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Attend our Free Webinar on How to Nail Your Next Technical Interview

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How To Nail Your Next Tech Interview

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Ryan Valles
Founder, Interview Kickstart
Our tried & tested strategy for cracking interviews
How FAANG hiring process works
The 4 areas you must prepare for
How you can accelerate your learnings

Source Command in Linux with Examples

Attend our Free Webinar on How to Nail Your Next Technical Interview

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How To Nail Your Next Tech Interview

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Ryan Valles
Founder, Interview Kickstart
Our tried & tested strategy for cracking interviews
How FAANG hiring process works
The 4 areas you must prepare for
How you can accelerate your learnings

Source Command in Linux with Examples

# Source Command in Linux The `source` command is a Bash built-in command that executes the content of a given file in the current shell environment. It is usually used to execute a shell script in the current shell without creating a child process. It is especially useful when used in combination with shell variables, functions and aliases. This command does not create a new process but instead it runs the commands in the current shell process. The `source` command can be used to execute any number of commands from a single file. This makes it quite versatile, as it can be used to create custom scripts and functions, or to include custom environment variables in the current shell. It can also be used to set aliases, which can be used to quickly run commands or even to set up custom environment variables. The source command is also highly useful when used in conjunction with shell scripts. By using the `source` command, shell scripts can be executed within the same shell as the script itself, rather than spawning a new process. This can help to ensure that any variables or functions that are defined in the script are available in the current shell, as well as any environment variables that may have been set by the script. Overall, the `source` command is a very useful tool for managing your shell environment and executing scripts within the current shell process. It is especially useful for creating custom functions, aliases and environment variables, as well as for executing shell scripts without spawning a new process.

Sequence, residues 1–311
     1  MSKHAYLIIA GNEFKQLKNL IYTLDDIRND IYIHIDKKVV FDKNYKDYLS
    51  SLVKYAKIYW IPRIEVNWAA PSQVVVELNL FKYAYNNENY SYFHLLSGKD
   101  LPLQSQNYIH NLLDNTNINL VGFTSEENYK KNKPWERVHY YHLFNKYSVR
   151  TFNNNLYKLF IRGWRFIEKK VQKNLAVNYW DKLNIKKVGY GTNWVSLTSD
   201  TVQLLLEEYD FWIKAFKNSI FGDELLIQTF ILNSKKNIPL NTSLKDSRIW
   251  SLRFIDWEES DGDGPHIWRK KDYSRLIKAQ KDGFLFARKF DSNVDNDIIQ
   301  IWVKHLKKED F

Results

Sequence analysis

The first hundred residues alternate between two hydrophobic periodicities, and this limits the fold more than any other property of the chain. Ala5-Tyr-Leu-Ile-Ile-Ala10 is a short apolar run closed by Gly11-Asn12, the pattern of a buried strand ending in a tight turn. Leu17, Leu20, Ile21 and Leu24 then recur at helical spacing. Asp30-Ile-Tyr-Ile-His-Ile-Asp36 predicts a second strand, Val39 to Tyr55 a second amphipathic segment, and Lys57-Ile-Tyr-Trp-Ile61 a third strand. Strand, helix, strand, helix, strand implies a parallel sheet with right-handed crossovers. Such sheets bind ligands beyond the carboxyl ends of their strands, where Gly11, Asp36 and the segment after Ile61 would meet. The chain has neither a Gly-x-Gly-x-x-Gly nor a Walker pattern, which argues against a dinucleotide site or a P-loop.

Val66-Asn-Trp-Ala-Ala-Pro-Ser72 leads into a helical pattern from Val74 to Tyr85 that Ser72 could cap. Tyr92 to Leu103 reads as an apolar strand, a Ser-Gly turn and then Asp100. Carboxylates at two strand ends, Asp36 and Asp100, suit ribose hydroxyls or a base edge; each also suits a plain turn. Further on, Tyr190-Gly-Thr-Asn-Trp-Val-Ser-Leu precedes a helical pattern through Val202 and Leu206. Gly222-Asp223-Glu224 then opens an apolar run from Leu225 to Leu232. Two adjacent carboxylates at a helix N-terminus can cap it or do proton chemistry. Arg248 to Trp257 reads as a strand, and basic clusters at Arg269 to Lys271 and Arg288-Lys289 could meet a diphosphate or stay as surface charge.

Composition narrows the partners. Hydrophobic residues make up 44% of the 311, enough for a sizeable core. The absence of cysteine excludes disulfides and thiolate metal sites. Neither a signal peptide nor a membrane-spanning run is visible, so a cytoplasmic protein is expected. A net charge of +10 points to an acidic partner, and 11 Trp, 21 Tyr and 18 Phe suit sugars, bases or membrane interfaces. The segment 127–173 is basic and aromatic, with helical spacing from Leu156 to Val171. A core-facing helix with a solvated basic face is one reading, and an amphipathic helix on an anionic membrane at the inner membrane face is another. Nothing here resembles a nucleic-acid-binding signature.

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The source command in Linux is used to execute commands from the specified file in the current shell environment. It is an internal command which is used to execute the commands from the specified file in the current shell environment. Syntax: source filename. Example: ``` $ source my_commands.sh ``` This command will execute the commands which are present in the file my_commands.sh in the current shell environment.